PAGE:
8. Thus, for example, the fact that domestic abuse is put forward by the residential parent of a child as a reason for denying the non-residential parent contact with the child is not automatically as reason for a split hearing with a preliminary fact finding hearing. As the President’s Practice Direction: Residence and Contact order: Domestic Violence and Harm of 14 January 2009 [2009] 2 FLR 1400 makes clear, the court must consider the nature of any allegations, and the extent to which those allegations, if admitted or proved “would be relevant in deciding whether to make an order about residence or contact and, if so, in what terms” – see para [3] (emphasis supplied). In para [11] the court is again instructed to “consider the likely impact of that issue (domestic abuse) on the outcome of the proceedings” (emphasis supplied) and whether or not the decision of the court is likely to be affected by findings of domestic abuse. Plainly, if the allegations are unlikely to have any impact on the court’s order, there is no need for a separate fact finding hearing.
  9. In addition, in cases in which the court concludes that a fact-finding hearing is necessary, the Practice Direction requires the court to give directions designed to ensure that “the matters in issue are determined expeditiously and fairly” (emphasis supplied).
  10. None of the foregoing is designed to minimise or trivialise domestic abuse or its effects on children and upon its other victims, or to discourage victims from coming forward with abuse allegations. I repeat that the aim of the Guidance is to enable magistrates and judges fully to address their minds to the need for a separate fact finding hearing.
  11. The rationale for split hearings in care proceedings was enunciated by Bracewell J in Re S (Care Proceedings: Split Hearing) [1996] 2 FLR 773 when, voicing the views of the Children Act Advisory Committee, she stated that consideration could usefully be given to whether or not there were questions of fact within a case which needed to be determined at an early stage. The advantages of doing so, she said were that early resolution of such facts “would enable the substantive hearing to proceed more speedily” and would enable the court to “focus on the child’s welfare with greater clarity”. Cases suitable for split hearings, she commented “would be likely to be cases in which there is a clear and stark issue, such as sexual abuse or physical abuse”. Once again, the object was “to prevent delay and the ill-focused use of scarce expert resources”. These factors should be borne in mind by the court when deciding whether or not to order a split hearing.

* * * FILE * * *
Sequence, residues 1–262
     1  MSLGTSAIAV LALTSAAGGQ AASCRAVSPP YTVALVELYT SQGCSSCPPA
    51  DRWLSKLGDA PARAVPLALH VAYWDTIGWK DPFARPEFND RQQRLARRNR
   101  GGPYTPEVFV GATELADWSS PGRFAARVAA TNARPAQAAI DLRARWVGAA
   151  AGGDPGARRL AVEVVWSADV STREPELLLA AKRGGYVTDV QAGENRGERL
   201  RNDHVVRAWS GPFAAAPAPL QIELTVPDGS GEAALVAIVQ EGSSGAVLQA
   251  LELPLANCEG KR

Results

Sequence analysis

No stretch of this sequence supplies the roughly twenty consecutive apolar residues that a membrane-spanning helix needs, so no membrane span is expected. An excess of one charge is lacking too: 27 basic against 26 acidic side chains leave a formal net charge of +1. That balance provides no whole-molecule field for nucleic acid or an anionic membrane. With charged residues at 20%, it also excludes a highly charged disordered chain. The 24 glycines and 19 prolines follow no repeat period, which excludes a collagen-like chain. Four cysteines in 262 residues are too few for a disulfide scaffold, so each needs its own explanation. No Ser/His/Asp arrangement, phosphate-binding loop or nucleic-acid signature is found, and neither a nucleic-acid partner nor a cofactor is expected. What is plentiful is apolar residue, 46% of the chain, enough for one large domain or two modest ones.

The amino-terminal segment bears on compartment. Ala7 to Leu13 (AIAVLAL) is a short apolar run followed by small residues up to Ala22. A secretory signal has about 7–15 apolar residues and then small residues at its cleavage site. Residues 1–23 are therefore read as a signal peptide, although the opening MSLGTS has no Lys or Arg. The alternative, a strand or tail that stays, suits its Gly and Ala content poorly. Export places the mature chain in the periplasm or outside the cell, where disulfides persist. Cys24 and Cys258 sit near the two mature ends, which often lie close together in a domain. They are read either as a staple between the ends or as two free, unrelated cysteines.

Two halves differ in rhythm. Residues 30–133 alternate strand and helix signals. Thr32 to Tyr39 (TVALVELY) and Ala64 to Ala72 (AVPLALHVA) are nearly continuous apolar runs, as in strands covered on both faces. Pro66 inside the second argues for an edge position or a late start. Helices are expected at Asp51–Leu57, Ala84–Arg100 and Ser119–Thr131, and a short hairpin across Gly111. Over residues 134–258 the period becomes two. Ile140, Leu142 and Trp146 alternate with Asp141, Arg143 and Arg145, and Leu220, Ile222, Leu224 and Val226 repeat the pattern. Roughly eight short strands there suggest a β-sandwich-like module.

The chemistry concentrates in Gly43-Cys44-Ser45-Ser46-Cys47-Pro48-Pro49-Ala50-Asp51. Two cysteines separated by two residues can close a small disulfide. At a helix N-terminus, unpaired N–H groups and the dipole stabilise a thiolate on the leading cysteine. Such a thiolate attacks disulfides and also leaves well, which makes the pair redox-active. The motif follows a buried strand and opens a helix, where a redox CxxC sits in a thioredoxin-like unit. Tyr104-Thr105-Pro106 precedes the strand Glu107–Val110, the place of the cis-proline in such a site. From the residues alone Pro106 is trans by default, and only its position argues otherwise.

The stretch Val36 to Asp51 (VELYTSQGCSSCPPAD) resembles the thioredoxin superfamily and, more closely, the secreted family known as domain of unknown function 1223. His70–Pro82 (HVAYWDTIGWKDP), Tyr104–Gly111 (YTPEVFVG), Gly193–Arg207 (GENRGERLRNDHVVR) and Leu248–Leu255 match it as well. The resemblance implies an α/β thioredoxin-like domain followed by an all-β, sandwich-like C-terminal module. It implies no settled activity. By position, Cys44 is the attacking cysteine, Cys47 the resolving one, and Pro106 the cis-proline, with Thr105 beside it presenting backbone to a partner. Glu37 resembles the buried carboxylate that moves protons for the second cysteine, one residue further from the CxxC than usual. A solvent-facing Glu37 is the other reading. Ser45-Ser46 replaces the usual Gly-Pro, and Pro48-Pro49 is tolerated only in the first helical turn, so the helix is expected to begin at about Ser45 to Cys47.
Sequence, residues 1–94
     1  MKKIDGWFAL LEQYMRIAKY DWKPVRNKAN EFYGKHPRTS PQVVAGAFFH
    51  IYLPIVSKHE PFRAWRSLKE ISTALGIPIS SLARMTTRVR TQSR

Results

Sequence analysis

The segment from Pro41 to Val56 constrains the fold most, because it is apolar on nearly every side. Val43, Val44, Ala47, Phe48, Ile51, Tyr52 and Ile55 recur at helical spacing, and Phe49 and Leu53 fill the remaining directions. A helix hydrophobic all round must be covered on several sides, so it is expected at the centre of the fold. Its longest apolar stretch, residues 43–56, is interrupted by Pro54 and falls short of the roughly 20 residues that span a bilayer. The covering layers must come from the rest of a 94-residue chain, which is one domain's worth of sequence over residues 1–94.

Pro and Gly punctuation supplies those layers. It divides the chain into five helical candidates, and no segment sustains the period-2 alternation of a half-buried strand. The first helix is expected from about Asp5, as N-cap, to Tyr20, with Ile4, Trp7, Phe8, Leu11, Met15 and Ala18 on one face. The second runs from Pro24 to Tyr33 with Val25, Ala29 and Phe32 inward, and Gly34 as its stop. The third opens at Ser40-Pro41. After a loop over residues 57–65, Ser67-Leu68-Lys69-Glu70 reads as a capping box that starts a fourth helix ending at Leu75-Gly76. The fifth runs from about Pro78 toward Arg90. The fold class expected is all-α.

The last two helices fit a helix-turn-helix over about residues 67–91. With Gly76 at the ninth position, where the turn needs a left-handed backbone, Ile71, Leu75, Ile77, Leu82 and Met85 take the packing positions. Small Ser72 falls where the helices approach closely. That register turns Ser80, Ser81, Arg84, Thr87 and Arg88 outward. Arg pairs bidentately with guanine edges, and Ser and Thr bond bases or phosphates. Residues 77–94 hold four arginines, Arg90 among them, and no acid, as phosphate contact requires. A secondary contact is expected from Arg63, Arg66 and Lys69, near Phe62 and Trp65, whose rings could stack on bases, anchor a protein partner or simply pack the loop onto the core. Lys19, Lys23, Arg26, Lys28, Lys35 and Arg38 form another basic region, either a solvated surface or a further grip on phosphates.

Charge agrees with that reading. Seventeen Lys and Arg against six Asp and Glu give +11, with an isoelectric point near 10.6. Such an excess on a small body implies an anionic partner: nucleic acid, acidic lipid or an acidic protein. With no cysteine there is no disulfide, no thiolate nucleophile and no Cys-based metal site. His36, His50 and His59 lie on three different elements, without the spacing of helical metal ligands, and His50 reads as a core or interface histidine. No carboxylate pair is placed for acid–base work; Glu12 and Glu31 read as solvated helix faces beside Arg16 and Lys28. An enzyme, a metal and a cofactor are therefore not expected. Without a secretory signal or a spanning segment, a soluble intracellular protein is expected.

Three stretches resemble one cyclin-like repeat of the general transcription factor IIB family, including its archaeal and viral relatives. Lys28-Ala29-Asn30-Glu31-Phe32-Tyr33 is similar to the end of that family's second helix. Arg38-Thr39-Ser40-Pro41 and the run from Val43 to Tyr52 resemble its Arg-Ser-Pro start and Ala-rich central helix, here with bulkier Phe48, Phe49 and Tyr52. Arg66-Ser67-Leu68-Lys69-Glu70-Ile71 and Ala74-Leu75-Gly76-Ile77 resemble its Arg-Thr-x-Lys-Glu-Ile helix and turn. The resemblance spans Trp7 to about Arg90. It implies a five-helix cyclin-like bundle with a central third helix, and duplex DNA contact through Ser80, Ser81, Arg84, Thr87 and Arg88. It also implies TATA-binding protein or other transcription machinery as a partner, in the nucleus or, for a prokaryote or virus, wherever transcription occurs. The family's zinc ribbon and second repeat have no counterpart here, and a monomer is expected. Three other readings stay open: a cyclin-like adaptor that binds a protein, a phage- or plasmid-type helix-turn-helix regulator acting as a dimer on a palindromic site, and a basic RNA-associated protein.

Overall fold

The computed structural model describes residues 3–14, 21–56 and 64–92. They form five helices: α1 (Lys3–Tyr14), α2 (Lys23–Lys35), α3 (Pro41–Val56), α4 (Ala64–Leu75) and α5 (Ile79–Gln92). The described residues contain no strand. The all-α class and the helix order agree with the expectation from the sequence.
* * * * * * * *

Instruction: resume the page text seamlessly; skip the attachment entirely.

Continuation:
12. Magistrates and judges are reminded of the decision of the Court of Appeal in Re C [2009] EWCA Civ 994. They might also care to look at paragraphs 27 to 35 of my recent judgment in the case of W ( Children) [2009] EWCA Civ 644, now also reported at [2009] 3 FCR 1.
  13. Courts are also reminded of the provisions of the Practice Direction: The Revised Private Law Programme which came into effect from 1 April 2010.

Nicholas Wall
May 2010